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24 veterans receive Medal of Honor decades after service

24 veterans will receive the Medal of Honor next month, decades after completing their military service.
The announcement comes after a review by Congress determined some veterans were passed over because of prejudice.

Sergeant 1st class Melvin Morris was just 19 when he became a Green Beret.
    He volunteered to go to Vietnam.

In 1969, under heavy fire, hit multiple times, bleeding, he rescued dead and wounded troops.

The Army says he showed "determination possessed by few men" and his ability to lead "has rarely been equaled."

Today, at 72, with his wife of 51 years Mary, the pride, the dignity and now a wrong will be made right.

Morris is one of 24 veterans, who decades late, will receive the nation's highest military distinction, the Medal of Honor.

It is a roll call of bravery and heroism above and beyond the call of duty for men who served in World War II, Korea and Vietnam.

Only Morris and two other Vietnam veterans are still living.

In 2002, Congress ordered a review of Jewish and Hispanic veterans' war records, to find who may have suffered discrimination and not been awarded the honors they deserved.

Potential African American discrimination was also found,  all are now being recognized.

I had heard rumors to the fact that there were certain people that people thought should have received the Medal of Honor.

Retired Marine and Vietnam vet Harvey Barnum received his Medal of Honor in 1967.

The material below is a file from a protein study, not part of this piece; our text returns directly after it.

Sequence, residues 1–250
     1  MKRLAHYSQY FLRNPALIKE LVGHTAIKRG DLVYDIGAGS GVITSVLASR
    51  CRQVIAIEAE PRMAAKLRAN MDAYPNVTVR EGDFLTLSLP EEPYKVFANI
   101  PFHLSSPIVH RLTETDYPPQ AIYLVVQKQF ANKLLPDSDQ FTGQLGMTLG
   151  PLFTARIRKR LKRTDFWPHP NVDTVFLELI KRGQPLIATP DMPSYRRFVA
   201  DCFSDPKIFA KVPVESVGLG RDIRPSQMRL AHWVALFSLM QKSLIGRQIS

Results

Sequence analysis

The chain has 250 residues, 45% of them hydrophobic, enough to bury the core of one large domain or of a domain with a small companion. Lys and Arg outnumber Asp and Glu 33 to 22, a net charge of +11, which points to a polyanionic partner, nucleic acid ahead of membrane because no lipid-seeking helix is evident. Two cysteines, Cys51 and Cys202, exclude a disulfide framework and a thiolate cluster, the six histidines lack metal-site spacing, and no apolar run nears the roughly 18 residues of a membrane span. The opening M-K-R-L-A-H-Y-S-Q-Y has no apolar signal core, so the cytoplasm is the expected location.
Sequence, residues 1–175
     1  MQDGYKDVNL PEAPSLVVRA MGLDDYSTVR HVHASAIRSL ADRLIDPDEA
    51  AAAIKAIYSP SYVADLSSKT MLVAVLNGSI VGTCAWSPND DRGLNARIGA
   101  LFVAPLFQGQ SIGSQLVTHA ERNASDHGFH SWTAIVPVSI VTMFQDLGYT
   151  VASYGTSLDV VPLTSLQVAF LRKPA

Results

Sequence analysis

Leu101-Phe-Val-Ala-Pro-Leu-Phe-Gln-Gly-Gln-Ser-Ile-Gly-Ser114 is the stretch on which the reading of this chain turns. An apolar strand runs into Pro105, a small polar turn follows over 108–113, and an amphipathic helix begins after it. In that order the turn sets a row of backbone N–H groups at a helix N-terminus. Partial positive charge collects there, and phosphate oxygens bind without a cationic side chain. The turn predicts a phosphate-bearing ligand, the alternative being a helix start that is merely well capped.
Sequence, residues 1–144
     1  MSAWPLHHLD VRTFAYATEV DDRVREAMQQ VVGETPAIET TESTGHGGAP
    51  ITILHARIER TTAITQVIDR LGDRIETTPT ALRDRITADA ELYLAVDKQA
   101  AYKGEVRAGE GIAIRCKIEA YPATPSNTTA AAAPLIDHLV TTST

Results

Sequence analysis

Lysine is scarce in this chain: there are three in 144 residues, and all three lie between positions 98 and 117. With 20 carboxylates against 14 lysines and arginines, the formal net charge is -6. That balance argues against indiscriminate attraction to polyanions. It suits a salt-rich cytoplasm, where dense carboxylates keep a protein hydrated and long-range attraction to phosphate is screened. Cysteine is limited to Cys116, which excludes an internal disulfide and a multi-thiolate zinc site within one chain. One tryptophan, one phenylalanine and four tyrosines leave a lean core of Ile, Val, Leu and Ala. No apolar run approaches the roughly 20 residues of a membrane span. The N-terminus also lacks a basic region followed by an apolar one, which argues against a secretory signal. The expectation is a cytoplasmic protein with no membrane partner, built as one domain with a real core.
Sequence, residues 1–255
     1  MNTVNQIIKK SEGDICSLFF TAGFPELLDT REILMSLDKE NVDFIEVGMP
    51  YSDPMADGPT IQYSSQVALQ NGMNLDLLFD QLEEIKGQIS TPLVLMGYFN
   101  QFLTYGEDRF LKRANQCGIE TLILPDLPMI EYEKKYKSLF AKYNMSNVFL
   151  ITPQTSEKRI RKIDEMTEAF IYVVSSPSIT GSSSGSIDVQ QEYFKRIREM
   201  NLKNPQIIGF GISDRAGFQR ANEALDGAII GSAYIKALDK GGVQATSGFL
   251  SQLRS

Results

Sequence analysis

His unit also under intense fire, with complete disregard for his safety, he moved to save others.

Now, just one message for the Vietnam survivors.

I look forward to putting my arms around them and calling them brother and saying welcome home.

Two other living Vietnam veterans will receive the medal.

Radio operator Santiago Erevia's was under fire all day on May 21, 1969.

In total peril, he assaulted a line of enemy bunkers, throwing hand grenades and firing his M-16.

He came home to work for the postal service for 32 years.

His son Roland served three tours in Iraq.

Sergeant 1st class Jose Rodela's battalion was under such heavy fire on September 1, 1969 it suffered 42 casualties in minutes.

Army records say the unit 'was on the brink of panic" when Rodela stepped in,  physically pushing men to fight, even as the unit was still under fire.

Today he is in frail health.

Of the recipients who have passed away, some died in action in Europe, Korea and Vietnam.

But some like PFC William Leonard of New York, who fought in France during WWII, came home to live out their lives.

Leonard worked in the auto industry and as a butcher.

He died five days before his 72nd birthday, sitting in his backyard listening to a New York Yankees game on the radio.